"An atom 'is to' become a positive ion when it has more protons than electrons." Is it proper for "is to" to be in that sentence? If it is, would someone please tell me what does "is to" mean in that sentence? I wrote it, it's the answer for the question "How does an atom become a positive ion?".
It is an expression generally referred to as "a future obligation."
This guide is to provide you with all the information you need about our city.
You are to travel to their city tomorrow.
The lazy morons on this team are to blame for the failure.
In terms of strength, it is on par with "it is certain to". Both are stronger than "it needs to," "it will have to," "it would behoove it to," "he is determined to," and so forth.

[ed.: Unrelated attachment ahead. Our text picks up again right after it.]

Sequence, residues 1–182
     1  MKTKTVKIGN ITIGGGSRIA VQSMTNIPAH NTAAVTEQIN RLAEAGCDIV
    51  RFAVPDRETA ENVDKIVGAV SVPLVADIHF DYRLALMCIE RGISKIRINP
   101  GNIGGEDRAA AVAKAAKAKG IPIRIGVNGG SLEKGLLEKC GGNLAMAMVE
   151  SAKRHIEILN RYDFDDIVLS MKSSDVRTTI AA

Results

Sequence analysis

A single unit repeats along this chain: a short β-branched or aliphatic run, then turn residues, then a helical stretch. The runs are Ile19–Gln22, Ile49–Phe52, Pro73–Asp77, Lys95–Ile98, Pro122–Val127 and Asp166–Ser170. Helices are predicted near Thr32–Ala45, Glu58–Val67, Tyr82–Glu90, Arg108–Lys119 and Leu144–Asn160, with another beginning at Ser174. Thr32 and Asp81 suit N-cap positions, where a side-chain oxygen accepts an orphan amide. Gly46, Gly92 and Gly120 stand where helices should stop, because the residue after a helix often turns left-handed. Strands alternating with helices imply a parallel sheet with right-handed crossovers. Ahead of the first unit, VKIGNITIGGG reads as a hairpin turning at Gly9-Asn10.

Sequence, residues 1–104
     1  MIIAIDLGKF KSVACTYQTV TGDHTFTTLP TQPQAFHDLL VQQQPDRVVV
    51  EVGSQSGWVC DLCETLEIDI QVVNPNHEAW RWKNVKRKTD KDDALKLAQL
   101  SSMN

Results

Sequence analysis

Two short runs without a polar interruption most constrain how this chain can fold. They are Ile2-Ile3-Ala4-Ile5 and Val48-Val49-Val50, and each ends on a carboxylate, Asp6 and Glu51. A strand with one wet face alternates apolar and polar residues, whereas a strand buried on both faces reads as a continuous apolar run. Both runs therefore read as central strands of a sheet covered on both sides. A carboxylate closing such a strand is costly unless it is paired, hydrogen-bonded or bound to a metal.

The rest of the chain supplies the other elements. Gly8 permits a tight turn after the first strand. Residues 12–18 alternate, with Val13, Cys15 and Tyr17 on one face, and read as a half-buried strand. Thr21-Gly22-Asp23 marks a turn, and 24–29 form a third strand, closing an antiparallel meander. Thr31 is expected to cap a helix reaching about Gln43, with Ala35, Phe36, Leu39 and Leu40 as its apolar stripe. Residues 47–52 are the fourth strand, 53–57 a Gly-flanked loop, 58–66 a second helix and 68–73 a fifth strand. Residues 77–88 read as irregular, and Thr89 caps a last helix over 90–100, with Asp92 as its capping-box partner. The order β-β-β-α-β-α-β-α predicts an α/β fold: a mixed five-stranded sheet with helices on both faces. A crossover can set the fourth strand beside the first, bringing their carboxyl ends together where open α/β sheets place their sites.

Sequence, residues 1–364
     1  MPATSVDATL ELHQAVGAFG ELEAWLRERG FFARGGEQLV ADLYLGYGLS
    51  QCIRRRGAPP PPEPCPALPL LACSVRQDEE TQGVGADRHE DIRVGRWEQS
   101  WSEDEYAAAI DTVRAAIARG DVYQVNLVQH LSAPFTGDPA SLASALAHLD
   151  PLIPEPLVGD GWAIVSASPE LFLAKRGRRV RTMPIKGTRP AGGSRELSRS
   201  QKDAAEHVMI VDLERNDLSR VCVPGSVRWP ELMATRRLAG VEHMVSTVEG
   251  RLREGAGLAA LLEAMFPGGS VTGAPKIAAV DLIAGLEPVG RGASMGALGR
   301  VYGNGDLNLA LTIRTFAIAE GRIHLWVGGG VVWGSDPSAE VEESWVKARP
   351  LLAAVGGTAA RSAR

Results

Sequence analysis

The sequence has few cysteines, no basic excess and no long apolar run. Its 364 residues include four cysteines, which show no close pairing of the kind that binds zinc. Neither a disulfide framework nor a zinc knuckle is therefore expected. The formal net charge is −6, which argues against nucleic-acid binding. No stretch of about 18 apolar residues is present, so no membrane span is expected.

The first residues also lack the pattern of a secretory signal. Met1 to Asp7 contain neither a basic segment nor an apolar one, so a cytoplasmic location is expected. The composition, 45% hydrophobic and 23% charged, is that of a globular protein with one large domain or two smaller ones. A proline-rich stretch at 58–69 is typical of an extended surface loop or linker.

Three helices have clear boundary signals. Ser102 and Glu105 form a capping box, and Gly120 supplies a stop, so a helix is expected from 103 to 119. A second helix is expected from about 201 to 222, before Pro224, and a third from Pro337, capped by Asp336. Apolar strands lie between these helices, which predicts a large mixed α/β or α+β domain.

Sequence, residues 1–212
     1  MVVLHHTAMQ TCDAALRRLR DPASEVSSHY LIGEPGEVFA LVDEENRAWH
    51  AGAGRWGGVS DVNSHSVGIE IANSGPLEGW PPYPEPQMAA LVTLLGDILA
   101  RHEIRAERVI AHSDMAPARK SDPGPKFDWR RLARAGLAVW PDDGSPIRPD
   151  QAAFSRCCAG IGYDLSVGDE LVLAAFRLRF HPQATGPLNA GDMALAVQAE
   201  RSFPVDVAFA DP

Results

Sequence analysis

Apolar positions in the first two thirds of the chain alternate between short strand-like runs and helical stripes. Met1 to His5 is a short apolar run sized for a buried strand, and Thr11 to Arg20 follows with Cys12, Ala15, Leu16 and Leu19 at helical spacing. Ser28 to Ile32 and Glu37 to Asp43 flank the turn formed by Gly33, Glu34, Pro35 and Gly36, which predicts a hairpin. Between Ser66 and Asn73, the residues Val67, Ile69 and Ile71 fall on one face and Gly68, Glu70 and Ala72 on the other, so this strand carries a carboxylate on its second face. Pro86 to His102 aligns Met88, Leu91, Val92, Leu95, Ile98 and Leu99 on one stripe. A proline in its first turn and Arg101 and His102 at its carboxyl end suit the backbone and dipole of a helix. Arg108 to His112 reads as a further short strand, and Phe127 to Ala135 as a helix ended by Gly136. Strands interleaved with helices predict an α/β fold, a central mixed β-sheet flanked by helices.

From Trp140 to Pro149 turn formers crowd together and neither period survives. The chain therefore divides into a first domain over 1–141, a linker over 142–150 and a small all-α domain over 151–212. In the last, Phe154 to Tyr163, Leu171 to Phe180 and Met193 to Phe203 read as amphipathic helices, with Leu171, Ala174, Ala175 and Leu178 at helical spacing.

It can be very useful in questions along the lines of:
Were you to tell me now that I'd be forced to listen to your wife's stories about her family, I'd think twice before agreeing to come along.
Your own example is poorly worded. Here's how I would put it:
If this lousy atom is ever to become anything even remotely resembling an ion, then you brainless troglodytes had better get off your fat asses and put in an honest day's work for a change.
Here is another exam I just found online, where "is to" replaces "will" though the time frame is less definite that with "will".
An English exam is to become compulsory for taxi drivers in London.